In cases of neglect it is most important to accurately document the history and physical findings. Documentation of missed appointments and lack of compliance with recommended treatments and referrals is also critical. Neglected children often have multiple needs that cannot be addressed at one office visit.
The diagnosis of neglect generally depends on a dysfunction or inadequacy of the family unit to provide for the child. Neglect can be divided into the following four categories:
Failure to protect - resulting in physical or sexual abuse from a perpetrator. A parent who knowingly allows a child to be exposed to a known pedophile or other person with a history of child abuse can be reported for failure to protect.
Failure to provide appropriate nutrition or food - resulting in failure to thrive. The diagnosis can be made in the outpatient setting based on documented poor growth, including falling off the growth curve greater than two standard deviations over a two month period in an infant or lack of sustained growth unrelated to an organic etiology. Growth problems due to malnutrition are also often associated with developmental delays, behavioral problems, and emotional problems. These children in particular are also at risk for lead poisoning, iron deficiency anemia, dental caries, and infectious diseases. Growth failure is generally just one sign of other underlying and significant family problems. For more information see LABORATORY: Failure to Thrive.
Failure to provide an appropriate physical environment - homelessness. You may recognize signs of exposure due to poor shelter, resulting in a lack of heat and sleep, lack of electricity or air conditioning leading to overheating in warm environments, or inability to provide food.
Failure to provide health care - medical neglect. Children who have been injured or are physically ill but do not receive appropriate or timely health care due to parental inattention may have been medically neglected. Make this diagnosis when the injury or illness has progressed in a way that could have been prevented if earlier treatment had been provided.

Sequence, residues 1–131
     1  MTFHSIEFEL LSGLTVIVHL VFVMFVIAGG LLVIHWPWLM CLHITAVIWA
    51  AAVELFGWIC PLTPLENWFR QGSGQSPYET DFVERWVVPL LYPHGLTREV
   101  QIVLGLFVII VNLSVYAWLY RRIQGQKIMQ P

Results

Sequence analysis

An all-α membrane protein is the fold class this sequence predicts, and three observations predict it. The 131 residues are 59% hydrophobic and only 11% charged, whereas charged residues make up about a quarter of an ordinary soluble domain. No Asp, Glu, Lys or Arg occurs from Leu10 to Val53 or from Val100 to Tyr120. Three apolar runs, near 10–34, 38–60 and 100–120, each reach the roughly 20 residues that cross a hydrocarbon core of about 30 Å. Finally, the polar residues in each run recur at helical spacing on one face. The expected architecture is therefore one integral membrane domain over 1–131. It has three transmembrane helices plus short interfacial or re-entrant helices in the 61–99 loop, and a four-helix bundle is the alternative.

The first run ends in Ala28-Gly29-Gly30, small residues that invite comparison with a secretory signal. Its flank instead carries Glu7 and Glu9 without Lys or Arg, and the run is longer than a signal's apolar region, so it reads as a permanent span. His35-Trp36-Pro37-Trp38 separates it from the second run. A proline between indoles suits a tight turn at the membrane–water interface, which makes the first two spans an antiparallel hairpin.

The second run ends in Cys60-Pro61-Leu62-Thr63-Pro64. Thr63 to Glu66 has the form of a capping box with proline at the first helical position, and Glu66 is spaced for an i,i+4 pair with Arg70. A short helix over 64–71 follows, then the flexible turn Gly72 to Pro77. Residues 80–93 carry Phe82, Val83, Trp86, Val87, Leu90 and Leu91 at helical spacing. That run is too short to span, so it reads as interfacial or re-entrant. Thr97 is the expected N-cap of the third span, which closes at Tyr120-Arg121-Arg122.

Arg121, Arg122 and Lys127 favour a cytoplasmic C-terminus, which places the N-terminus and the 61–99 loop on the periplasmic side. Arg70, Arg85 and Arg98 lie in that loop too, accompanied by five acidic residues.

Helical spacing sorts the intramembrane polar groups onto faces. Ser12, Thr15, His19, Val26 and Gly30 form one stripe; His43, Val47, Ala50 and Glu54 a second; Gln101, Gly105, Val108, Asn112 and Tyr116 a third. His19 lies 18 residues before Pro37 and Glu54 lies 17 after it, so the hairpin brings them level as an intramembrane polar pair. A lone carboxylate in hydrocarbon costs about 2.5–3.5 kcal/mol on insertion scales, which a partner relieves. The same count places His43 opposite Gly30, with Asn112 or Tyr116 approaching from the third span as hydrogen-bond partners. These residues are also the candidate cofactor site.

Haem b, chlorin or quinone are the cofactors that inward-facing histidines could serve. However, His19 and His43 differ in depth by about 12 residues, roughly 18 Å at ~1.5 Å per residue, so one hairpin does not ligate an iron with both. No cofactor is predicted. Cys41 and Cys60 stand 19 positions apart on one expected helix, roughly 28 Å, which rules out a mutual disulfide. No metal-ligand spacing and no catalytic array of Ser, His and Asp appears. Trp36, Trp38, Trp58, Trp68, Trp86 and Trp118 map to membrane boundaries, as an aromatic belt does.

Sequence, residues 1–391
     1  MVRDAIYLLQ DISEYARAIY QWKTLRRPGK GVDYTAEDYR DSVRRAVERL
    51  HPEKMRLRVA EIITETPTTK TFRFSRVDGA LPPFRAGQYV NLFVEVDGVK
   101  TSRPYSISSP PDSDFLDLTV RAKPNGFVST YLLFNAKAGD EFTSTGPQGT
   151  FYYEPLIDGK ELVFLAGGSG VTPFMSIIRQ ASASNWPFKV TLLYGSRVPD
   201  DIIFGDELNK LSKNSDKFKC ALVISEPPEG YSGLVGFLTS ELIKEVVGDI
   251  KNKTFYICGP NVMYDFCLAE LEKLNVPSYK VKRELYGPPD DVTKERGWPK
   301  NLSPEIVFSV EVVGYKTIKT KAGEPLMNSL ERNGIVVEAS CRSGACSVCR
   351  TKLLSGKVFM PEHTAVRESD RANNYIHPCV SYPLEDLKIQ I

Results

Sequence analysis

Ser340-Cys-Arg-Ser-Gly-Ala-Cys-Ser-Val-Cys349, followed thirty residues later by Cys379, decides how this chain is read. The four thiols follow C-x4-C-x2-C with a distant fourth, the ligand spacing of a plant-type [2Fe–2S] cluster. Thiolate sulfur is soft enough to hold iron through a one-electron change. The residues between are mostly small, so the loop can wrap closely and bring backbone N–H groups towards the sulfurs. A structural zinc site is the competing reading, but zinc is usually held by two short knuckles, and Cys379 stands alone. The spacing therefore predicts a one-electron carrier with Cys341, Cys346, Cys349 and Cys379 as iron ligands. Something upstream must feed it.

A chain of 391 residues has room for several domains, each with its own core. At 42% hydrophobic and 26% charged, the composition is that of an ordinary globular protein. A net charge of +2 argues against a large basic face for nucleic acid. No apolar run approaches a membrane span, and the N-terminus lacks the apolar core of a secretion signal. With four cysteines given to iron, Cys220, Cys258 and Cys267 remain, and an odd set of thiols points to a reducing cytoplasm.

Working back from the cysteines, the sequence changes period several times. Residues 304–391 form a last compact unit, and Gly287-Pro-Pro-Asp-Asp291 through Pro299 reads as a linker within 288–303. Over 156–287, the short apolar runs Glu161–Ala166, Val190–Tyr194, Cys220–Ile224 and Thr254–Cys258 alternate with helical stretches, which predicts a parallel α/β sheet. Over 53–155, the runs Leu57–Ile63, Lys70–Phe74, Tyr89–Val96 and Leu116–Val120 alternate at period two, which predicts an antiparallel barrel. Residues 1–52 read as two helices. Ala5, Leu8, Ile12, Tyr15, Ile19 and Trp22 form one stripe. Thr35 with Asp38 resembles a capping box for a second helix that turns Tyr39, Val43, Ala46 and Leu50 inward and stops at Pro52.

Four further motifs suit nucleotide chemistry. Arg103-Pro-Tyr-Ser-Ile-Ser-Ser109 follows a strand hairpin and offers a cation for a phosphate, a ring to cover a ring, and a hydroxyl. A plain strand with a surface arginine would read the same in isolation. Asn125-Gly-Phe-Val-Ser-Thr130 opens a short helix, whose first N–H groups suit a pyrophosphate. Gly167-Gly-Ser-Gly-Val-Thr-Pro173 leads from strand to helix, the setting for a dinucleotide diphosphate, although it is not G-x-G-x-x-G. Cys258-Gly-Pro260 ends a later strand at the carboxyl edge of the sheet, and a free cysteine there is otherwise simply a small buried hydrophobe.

In addition, children may be educationally neglected. These children generally are identified by the school system for frequent absences or tardiness. Sometimes the absences are linked to medical reasons, such as an untreated condition like head lice. Work with school officials to sort out the issues.
The diagnosis of neglect is based on the possible or imminent risk of harm to the child that results from the caregiver's inattention to the child's needs. You must weigh the significance of the neglect against causing further harm. Certain conditions when neglected are more likely to require a report to the State Central Register or local hotline in order to prevent further injury or possible morbidity and mortality. For example, non-compliance with diabetes treatment (not giving insulin) or with asthma therapy can be fatal. Therefore, recognition of non-compliance may warrant Child Protective Services. However, untreated head lice or other such conditions may indicate that a family needs services, but the problem is not severe enough to prompt Child Protective Services intervention. A positive urine toxicology screen for illicit drugs is usually a sufficient finding for a diagnosis of neglect. This finding should generate a call to the State Central Register or local hotline in order to initiate further evaluation for home safety issues and need for services. For more information, see REPORTING: How to Make a Report. Some cases of neglect, such as nutritional failure to thrive due to poor parenting skills, can be addressed by providing parental support and access to food (WIC) or other services. Except in cases of severe nutritional failure to thrive or non-compliance with recommendations, these cases often do not require a report to the State Central Register or local hotline. For more information, see TREATMENT: Neglect.
Tips for the Diagnosis of Neglect
Consider referral for local appropriate preventive or supportive services. For more information, see the List of Community Services, Appendix I.
Consult with State Central Register or local hotline personnel when unsure if a report is necessary.
Weigh the risk of imminent harm to the child when considering a report for neglect.